Again, Disclosure: I work on Google Cloud (but I've never contributed engineering-wise to Cloud networking).
We aim for global convergence of network state as sort of an ongoing goal, but it's a distributed system with failure domain isolation, so that goal is necessarily flexible. There are different rates of convergence, and Solomon is certainly right that routes to first party services are some of the easiest to converge. Internet connectivity is to a certain extent the hardest thing to converge, as in our premium tier (which up until recently was our only tier) we aim to keep data on Google's network for as much of its journey as possible. At the extreme, this means a lot of edge nodes learning that a given external IP belongs to your VM.
Part of it is also just the mundane business of reconciling what a given configuration event means and propagating that to interested parties. With respect to your firewall example, it's really just another config change event with some set of implications for routes that are added or removed.
Anyway, that's my hand wavy explanation. Hopefully it's helpful!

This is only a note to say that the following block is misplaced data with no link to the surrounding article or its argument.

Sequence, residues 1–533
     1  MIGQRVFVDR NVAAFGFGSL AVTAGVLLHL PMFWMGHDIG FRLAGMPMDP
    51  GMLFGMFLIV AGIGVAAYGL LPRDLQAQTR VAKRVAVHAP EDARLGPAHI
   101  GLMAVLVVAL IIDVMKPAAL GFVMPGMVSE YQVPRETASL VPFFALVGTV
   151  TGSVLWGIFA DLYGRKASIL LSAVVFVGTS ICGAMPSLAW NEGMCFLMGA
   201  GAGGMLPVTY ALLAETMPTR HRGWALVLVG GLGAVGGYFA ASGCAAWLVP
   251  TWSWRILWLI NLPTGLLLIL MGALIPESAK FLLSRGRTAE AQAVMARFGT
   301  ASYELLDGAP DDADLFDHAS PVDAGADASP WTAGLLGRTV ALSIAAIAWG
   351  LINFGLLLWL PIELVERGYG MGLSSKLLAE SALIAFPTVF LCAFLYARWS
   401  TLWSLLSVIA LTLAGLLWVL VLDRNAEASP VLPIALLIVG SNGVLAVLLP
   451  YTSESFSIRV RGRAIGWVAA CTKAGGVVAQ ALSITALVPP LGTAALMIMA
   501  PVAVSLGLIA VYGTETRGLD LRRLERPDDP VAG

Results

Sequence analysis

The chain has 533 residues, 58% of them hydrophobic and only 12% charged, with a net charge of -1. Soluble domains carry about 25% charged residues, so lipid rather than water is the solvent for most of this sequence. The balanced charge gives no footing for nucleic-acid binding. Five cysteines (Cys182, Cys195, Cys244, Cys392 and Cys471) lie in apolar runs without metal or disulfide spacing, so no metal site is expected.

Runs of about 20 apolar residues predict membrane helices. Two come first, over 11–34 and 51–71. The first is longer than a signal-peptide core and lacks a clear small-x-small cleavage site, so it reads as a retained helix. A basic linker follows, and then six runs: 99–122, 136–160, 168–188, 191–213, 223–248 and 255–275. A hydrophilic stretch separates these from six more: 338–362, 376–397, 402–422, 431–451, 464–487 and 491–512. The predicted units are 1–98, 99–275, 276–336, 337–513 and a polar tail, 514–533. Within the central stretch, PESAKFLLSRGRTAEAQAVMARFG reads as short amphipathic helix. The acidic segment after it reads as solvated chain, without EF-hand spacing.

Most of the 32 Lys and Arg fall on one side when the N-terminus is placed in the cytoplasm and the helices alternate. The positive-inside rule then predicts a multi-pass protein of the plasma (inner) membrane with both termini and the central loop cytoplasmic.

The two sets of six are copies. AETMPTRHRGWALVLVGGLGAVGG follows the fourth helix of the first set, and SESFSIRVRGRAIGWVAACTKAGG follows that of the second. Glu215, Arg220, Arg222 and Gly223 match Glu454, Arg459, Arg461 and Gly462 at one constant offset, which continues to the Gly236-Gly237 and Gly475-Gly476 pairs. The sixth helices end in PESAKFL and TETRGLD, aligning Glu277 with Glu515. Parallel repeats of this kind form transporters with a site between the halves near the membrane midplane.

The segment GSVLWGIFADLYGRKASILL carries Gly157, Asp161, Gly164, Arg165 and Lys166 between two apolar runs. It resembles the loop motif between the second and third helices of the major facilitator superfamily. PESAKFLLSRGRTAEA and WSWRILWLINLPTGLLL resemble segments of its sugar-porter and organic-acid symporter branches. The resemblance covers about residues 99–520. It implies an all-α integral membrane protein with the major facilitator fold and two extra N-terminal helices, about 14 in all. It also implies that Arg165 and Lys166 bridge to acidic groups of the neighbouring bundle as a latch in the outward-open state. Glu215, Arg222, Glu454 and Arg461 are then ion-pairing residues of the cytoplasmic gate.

I love what I do, and I love talking about it to anyone who will listen. I find Google's infrastructure is fantastically exciting -- sometimes too exciting, rarely boring. Most of the time I wish I could share more. Always happy to hear someone has found what I can share interesting!
Not used to GCE, what sort of timeframe is this expected in?
Kinda wondering what the expected time would be for a process that's something like:
Download something from GCS
Upload to GCS
I know there's a lot of variables there, but does anyone have a quick idea of what this should be?
(Feel free to answer me internally :) )
| "premium operating system images including Windows Server, Red Hat Enterprise Linux (RHEL), and SUSE Enterprise Linux Server"
(disclosure: I work for GCP)
(disclosure: I don't consider what I do to be work)
Disclosure: I helped write this blogpost ;). (And I consider what Danny does to be work)
(disclosure: I work with the above two)
Fake reviews/astroturfing comments can hurt a brand quite severely. The riskiest situation of course is talking about a competitor's product (which we kind of are here).
It doesn't have to sound like a legal disclaimer, but its nice to identify your relationship to the product may have (even subconscious) bias.
Until then, here is my shameless plug: https://medium.com/google-cloud/three-simple-steps-to-save-c...
(Disclaimer: I work at GCP.)
Basically the line is even incorrect since I can use my own ThreadFactory if I'm on a Request/Backend Thread and clone the Environment and copy it into each Thread.
There are so many things I'd love to use Compute Engine for but storage is obscenely expensive for my needs and egress pricing makes it impossible to get data out after I send it in.
(disclosure: The cake is a lie)
(I work for Google)